I think that every human being has the right to practise whatever religious belief they might have. Almost every constitution makes provisions for individuals to enjoy the freedom to worship. However the question would be if Rastafarianism is a religion or way of life. In the Caribbean it has been recognised as a religion and as the article stated the church has been recognised as an official church. I think that the Rastafarian should be allowed the freedom to worship which involves the use of marijuana. Rastafarian are perhaps best known for their religious use of marijuana, which grows plentifully in Jamaica. Rastas know it as ganja, the holy herb, Iley or callie, and believe it was given by God. Scriptural support is found especially in Psalm 104:14: “He causeth the grass for the cattle and herb for the service of man.” Other texts interpreted to refer to cannabis include Genesis 3:18, Exodus 10:12, and Proverbs 15:17. In addition to ritual use, Rastas also use marijuana for medicinal purposes, applying it to a variety of ailments including colds. Marijuana is used primarily during the two main Rastafarian rituals: reasonings and nyabingi.#
I believe that they either amend the Drug Act to provide an exception for the religious use of marijuana. Adding an exception to an act was done in the United States of America when they had banned alcohol. Precedents Supporting Religious Use of illegal Sacraments, A. Volstead Act – The act in 1919 that banned the creation, consumption and sale of alcoholic beverages exceeding .5% alcohol by volume. The government made an exception for the Christian churches to continue using wine as a sacrament during their religious gatherings (at the time, a controlled substance).#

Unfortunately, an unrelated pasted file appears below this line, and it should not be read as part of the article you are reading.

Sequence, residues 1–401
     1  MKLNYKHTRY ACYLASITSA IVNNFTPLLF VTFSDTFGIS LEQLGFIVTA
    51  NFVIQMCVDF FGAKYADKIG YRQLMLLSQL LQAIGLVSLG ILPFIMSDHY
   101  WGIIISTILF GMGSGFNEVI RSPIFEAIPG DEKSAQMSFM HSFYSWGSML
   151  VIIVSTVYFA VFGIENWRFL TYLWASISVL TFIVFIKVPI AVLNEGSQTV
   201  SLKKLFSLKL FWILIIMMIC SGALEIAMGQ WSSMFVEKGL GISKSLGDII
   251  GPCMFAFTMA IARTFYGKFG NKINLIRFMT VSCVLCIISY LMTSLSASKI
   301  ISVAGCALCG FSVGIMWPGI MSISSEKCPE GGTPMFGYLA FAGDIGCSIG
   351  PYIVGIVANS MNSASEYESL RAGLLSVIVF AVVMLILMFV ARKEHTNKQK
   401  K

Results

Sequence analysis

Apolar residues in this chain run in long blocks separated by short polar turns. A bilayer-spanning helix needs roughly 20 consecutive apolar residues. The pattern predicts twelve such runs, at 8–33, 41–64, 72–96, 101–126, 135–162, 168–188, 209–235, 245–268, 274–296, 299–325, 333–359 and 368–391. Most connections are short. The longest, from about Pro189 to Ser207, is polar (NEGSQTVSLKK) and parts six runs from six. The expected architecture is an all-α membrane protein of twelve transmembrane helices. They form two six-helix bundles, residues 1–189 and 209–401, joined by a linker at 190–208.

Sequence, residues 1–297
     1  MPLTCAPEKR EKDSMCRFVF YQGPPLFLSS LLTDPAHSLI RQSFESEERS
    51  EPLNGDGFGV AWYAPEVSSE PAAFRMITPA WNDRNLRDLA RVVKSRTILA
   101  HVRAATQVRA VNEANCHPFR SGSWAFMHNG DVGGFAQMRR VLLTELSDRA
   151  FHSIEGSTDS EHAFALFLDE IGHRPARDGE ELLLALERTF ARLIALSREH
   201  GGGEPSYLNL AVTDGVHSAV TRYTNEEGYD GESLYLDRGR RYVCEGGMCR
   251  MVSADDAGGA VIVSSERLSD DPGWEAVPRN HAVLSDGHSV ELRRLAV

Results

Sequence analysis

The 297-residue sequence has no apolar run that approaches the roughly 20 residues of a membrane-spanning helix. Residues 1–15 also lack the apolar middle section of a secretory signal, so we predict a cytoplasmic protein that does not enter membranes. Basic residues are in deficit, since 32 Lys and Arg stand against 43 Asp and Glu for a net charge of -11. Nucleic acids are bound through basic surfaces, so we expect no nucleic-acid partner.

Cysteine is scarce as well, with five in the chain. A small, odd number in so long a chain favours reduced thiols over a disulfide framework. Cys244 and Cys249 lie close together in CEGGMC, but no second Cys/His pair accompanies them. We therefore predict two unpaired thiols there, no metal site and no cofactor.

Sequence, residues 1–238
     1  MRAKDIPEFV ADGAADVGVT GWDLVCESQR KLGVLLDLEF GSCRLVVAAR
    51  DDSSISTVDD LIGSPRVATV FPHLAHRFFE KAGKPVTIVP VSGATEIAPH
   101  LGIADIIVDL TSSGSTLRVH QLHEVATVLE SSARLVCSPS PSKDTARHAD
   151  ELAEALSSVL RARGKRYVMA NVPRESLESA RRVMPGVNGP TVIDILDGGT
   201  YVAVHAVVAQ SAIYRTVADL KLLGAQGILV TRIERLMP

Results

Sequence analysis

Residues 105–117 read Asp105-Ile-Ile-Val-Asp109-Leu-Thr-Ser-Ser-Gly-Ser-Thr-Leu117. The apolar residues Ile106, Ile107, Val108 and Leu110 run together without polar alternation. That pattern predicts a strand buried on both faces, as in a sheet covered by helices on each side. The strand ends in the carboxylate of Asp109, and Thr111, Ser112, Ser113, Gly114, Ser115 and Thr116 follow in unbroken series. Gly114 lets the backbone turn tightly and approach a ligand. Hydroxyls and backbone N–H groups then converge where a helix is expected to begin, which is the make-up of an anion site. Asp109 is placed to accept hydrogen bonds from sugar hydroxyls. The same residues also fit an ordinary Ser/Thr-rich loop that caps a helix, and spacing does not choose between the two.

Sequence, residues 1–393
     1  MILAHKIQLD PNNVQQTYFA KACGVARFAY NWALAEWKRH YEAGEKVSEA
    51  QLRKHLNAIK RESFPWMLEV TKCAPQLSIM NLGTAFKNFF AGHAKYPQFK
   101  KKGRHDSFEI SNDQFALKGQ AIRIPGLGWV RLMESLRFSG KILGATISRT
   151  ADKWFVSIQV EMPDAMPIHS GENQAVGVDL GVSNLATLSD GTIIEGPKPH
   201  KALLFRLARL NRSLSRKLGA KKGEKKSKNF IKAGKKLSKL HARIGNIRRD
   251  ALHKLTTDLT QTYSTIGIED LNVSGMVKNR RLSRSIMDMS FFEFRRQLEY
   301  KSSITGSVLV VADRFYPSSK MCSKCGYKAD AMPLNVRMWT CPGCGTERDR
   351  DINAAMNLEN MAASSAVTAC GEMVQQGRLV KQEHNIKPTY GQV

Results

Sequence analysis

... . In response, Senator James Abourezk unveiled his American Indian Religious Freedom Act of 1978 into the Senate on December 15, 1977. ... been accomplished by these tasks forces with a few minor exceptions amongst the federal agencies like the Fish and Wildlife Service ... which prohibited its use. Being members of the Native American Church, they attested their arrest and were set free on grounds ...
To deny and prosecute Rastafarians criminally for the use of marijuana is to violate their constitutional right to freedom or worship.